Agreed on this account, although this applies more to novels rather than screenwriting. In screenwriting, there may only be a few similes or metaphors used in dialogue but often the language used to describe the scenes will not be as fancifully written and be much more stripped down and to the point.
“3. Dialogue: talk is ‘sneaky’
It’s dialogue that gives your cast their voices, and is crucial in defining their characters – only what people do tells us more about what they’re like, and talk is sneaky: what people say often conveys their character to others in ways of which they – the speakers – are completely unaware.
Well-crafted dialogue will indicate if a character is smart or dumb, honest or dishonest, amusing or an old sobersides. Good dialogue, such as that written by George V Higgins, Peter Straub or Graham Greene, is a delight to read; bad dialogue is deadly.”
This to me is the most important point. You can have the greatest story known to man but if it is filled with terrible and unnatural dialogue then the whole film falls apart, regardless of the strength and complexity of the story. It is important to make characters feel like real people in order for the audience to have someone they can relate to. All characters don’t have to be nice as that isn’t the case of real life. But you can make bad characters interesting and even in some cases of films, likeable. All of this stems from the quality of dialogue and the writing.
“4. Characters: nobody is the ‘bad-guy’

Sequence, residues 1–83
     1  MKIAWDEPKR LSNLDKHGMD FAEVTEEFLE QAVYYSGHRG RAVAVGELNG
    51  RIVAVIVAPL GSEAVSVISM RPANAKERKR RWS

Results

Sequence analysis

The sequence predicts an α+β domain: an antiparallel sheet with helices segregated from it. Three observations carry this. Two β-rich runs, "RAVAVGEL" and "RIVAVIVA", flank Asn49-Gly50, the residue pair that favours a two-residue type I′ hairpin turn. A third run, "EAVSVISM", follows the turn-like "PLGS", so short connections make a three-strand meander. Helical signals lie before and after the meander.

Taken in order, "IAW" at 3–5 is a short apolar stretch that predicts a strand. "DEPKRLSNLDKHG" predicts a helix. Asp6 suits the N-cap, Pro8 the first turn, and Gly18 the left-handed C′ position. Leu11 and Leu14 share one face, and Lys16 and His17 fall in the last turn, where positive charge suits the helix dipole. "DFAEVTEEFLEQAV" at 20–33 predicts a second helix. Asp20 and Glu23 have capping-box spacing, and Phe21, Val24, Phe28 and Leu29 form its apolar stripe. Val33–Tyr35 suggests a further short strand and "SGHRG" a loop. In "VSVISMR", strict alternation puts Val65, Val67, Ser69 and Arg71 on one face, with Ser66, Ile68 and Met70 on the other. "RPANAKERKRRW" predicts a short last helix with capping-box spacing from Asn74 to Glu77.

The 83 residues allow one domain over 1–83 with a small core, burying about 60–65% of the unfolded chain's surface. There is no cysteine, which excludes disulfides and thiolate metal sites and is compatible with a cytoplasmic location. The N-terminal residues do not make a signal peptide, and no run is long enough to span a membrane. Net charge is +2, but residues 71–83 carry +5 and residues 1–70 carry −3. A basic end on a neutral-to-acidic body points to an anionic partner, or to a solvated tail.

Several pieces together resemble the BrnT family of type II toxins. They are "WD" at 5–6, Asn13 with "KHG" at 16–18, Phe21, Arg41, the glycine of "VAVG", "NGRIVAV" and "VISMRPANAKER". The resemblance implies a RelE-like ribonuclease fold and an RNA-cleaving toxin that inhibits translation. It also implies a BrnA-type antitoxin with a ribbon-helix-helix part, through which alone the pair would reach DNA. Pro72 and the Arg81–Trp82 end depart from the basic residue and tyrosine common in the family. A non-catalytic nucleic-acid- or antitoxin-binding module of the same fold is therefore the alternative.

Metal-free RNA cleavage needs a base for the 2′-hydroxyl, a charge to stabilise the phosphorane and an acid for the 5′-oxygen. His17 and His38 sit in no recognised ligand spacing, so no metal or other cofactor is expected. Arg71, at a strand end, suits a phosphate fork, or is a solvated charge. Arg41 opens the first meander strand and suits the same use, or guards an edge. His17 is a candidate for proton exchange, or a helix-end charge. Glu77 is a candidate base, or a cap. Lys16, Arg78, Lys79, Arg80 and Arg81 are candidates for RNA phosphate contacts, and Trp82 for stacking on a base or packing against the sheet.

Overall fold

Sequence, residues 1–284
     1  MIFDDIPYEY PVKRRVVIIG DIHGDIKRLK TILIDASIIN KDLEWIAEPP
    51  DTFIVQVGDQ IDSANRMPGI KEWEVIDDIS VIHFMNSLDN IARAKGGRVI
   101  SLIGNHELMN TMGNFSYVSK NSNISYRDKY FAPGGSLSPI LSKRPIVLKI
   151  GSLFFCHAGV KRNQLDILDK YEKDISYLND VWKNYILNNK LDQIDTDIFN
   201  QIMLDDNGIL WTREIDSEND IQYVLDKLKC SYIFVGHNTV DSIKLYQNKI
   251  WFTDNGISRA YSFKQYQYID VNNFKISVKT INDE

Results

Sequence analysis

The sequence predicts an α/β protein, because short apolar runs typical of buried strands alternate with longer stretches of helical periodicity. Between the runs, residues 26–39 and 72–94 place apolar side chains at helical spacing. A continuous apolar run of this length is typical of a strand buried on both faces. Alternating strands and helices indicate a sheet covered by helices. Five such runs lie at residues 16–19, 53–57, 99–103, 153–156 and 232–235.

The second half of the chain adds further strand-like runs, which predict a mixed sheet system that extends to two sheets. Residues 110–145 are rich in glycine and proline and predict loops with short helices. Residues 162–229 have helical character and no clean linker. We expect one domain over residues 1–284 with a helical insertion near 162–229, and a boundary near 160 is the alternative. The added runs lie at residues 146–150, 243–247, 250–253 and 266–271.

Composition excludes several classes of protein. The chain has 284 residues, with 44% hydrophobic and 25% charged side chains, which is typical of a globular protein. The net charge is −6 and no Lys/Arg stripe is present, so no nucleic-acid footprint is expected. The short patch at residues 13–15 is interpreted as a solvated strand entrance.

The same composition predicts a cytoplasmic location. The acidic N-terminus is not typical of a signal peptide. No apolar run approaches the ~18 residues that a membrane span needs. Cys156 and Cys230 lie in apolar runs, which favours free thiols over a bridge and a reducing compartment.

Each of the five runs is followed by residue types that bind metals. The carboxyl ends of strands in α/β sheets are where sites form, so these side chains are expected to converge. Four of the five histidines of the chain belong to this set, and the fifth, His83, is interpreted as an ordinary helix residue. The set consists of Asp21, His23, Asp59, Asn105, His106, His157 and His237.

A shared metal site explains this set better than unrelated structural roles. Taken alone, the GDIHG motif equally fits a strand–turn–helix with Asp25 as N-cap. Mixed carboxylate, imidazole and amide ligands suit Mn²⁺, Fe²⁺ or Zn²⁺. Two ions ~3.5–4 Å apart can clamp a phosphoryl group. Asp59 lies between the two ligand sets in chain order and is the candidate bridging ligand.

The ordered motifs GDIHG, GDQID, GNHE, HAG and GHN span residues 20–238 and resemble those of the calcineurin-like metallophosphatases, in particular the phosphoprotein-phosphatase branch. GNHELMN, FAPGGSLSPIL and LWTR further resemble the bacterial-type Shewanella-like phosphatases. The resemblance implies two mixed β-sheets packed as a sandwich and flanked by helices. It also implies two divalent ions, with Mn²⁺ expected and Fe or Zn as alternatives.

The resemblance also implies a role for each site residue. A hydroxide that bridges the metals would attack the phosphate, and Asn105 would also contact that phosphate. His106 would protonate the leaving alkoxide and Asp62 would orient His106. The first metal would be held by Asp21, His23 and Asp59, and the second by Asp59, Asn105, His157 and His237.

The job boils down to two things: paying attention to how the real people around you behave and then telling the truth about what you see. It’s also important to remember that no one is ‘the bad guy’ or ‘the best friend’ or ‘the whore with a heart of gold’ in real life; in real life we each of us regard ourselves as the main character, the protagonist, the big cheese; the camera is on us , baby. If you can bring this attitude into your fiction, you may not find it easier to create brilliant characters, but it will be harder for you to create the sort of one-dimensional dopes that populate so much pop fiction.”
This is also quite a relevant point. In films, some of the best lines and personalities come from the side or supporting characters. These people often help to flesh out the world around the main characters and help to enrich the overall story. The attention shouldn’t be taken away from the main character though as they are the characters we are supposed to be following on the journey of the film, but a roster of supporting characters can often make the final piece more memorable.
“5. Pace: fast is not always best
Pace is the speed at which your narrative unfolds. There is a kind of unspoken (hence undefended and unexamined) belief in publishing circles that the most commercially successful stories and novels are fast-paced. Like so many unexamined beliefs in the publishing business, this idea is largely bullshit… which is why, when books like Umberto Eco’s The Name of the Rose suddenly break out of the pack and climb the bestseller lists, publishers and editors are astonished. I suspect that most of them ascribe these books’ unexpected success to unpredictable and deplorable lapses into good taste on the part of the reading public.
I believe each story should be allowed to unfold at its own pace, and that pace is not always double time. Nevertheless, you need to beware – if you slow the pace down too much, even the most patient reader is apt to grow restive.”